Electronic Thesis and Dissertation Repository

Thesis Format

Integrated Article


Doctor of Philosophy




Bowlus, Audra


My dissertation consists of three chapters about the effects of disability and disability policy.

The second chapter analyzes the variation in labour market outcomes across disabilities by representing disability as a bundle of characteristics. Rich with information on the characteristics of a disabling condition, I use the Participation and Activity Limitation Survey to compare the relative importance of each {characteristic} and their interactions on employment, wages, hours worked, and annual employment income. The disability {characteristics} include the type of activity limitation, number of limitations, timing of onset, severity, and persistence. I find substantial cross-sectional variation in labour supply, wages, and annual earnings across the activity limitations. Severity is most predictive of labour supply, while persistence/ duration of disability is predictive of all outcomes. Cognitive types of disabilities have more impact on wages than physical. Lastly, I find the timing of onset has important implications for wages and annual income. My results are consistent with disabilities that onset by age eighteen inflicting additional wage penalties through reduced skill accumulation.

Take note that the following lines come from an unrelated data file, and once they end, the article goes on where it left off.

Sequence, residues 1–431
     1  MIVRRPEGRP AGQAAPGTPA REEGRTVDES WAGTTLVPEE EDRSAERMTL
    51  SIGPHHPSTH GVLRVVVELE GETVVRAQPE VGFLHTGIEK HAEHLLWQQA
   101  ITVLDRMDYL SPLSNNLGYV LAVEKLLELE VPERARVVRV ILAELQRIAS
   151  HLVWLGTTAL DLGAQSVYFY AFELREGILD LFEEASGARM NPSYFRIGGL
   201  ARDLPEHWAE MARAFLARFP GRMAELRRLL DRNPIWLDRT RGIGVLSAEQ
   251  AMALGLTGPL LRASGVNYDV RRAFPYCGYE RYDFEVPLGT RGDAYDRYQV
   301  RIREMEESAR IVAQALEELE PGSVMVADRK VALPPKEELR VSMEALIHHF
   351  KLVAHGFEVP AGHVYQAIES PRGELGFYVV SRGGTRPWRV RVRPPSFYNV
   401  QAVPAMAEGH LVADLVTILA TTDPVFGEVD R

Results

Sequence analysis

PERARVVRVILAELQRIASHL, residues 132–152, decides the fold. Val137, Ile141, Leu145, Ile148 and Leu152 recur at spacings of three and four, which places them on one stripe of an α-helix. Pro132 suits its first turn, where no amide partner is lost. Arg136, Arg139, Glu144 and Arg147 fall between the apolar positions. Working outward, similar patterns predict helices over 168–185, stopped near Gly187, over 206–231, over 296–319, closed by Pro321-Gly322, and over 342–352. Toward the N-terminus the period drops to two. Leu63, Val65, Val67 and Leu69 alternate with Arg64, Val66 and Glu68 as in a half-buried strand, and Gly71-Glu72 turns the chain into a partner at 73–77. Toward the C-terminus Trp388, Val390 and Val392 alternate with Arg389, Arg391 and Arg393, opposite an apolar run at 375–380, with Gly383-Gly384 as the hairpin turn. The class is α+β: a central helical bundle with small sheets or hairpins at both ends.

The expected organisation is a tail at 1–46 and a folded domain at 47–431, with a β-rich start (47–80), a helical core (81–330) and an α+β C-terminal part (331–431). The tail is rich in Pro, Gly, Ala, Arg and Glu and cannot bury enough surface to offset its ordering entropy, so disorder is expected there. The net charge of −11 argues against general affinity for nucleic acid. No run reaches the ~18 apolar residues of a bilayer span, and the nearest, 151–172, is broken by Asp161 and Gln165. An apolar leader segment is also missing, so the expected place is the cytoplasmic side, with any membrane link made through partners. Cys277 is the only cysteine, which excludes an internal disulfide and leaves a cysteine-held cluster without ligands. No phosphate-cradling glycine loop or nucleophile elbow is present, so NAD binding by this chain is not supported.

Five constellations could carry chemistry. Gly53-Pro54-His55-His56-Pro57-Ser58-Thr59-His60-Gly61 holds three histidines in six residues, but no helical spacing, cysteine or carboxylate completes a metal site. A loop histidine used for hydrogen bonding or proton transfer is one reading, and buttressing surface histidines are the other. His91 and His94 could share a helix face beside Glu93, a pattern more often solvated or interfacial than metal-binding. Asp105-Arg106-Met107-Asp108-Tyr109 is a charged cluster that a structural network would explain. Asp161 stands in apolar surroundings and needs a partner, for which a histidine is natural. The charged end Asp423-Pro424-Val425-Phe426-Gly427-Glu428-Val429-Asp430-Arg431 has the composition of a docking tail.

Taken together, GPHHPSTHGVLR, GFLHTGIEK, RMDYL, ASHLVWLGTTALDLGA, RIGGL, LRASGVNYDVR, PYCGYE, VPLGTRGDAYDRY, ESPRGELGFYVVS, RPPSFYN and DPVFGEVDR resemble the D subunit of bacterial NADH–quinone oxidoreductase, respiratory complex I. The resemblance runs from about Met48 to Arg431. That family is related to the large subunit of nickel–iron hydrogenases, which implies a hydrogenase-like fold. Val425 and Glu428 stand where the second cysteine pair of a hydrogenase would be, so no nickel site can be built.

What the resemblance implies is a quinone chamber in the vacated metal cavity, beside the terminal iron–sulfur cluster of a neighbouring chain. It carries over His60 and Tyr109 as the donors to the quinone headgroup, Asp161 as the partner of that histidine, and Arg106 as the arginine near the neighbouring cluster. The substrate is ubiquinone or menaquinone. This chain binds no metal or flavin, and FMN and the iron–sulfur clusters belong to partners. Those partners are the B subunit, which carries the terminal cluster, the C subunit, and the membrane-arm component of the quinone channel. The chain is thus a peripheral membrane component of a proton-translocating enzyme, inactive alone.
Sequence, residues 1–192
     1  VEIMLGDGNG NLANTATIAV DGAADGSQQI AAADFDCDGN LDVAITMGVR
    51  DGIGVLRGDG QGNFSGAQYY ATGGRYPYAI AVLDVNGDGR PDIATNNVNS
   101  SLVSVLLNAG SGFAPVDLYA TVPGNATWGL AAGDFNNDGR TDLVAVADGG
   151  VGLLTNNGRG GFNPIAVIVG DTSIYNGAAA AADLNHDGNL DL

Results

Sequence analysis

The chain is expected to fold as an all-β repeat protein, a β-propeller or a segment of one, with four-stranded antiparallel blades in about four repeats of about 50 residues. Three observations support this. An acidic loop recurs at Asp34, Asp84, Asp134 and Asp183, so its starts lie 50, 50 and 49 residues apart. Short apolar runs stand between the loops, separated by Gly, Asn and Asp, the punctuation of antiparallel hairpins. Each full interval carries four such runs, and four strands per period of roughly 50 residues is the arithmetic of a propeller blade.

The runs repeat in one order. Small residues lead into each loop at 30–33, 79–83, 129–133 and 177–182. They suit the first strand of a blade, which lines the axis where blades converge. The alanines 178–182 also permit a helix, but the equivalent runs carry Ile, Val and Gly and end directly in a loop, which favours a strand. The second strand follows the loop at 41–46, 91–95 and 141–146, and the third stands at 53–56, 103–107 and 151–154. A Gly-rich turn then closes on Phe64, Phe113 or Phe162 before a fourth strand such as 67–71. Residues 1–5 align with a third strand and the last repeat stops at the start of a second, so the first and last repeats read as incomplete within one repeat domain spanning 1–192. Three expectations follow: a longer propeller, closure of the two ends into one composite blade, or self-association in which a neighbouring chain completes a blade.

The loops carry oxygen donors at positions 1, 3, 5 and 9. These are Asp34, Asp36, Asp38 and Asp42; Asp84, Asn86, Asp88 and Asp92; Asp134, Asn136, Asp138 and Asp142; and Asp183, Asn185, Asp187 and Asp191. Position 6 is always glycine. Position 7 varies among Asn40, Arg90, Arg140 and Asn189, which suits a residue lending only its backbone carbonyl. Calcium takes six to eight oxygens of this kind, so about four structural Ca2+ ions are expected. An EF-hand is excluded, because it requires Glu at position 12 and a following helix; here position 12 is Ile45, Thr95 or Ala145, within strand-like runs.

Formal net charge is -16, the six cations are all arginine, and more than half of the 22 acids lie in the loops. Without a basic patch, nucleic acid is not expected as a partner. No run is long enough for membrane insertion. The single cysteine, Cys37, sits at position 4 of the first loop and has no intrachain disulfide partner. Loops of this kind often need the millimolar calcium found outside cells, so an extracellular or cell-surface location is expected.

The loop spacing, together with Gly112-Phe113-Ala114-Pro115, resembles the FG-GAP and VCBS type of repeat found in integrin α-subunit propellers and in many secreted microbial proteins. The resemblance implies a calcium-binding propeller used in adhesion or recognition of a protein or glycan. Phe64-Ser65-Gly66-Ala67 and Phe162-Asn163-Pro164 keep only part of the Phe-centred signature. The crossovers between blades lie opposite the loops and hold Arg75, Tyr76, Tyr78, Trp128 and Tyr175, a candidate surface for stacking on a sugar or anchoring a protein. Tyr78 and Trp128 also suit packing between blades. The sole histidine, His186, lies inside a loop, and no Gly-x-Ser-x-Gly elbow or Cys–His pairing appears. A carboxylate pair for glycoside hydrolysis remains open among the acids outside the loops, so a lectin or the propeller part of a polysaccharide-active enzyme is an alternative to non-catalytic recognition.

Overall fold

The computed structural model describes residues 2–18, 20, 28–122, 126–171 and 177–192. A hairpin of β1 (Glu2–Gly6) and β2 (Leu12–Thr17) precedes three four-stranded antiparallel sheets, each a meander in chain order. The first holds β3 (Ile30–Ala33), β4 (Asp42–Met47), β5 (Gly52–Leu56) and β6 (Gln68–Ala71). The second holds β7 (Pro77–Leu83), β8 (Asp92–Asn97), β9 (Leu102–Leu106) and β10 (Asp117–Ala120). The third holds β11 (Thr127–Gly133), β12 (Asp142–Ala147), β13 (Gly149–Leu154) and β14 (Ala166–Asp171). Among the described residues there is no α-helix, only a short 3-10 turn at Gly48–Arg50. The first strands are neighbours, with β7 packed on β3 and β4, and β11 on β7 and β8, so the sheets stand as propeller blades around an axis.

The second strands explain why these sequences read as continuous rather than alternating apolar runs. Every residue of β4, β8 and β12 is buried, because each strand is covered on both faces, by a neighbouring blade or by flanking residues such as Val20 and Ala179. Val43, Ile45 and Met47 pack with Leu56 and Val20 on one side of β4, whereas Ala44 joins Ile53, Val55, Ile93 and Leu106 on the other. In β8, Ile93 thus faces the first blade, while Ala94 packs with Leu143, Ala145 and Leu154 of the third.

The third chapter uses Canadian survey and administrative tax data to estimate the effect of disability types in the ten years after onset on the level and composition of personal income. I distinguish disability types based on reported limitations to daily activities and group them into physical, cognitive, or concurrent (both). I find substantial heterogeneity in the effect on personal income across types. Following onset, people with cognitive disabilities experience larger and more permanent declines in employment and market income than those with physical disabilities. Those with cognitive disabilities receive similar increases in total government transfers and fewer transfers from programs designed for disability. Instead, this group offsets some of the decline in market income with transfer programs that target families. Finally, the estimated effect of concurrent disabilities on market income and government transfers appears to be additive as it equals the sum of the effects of physical and cognitive disabilities.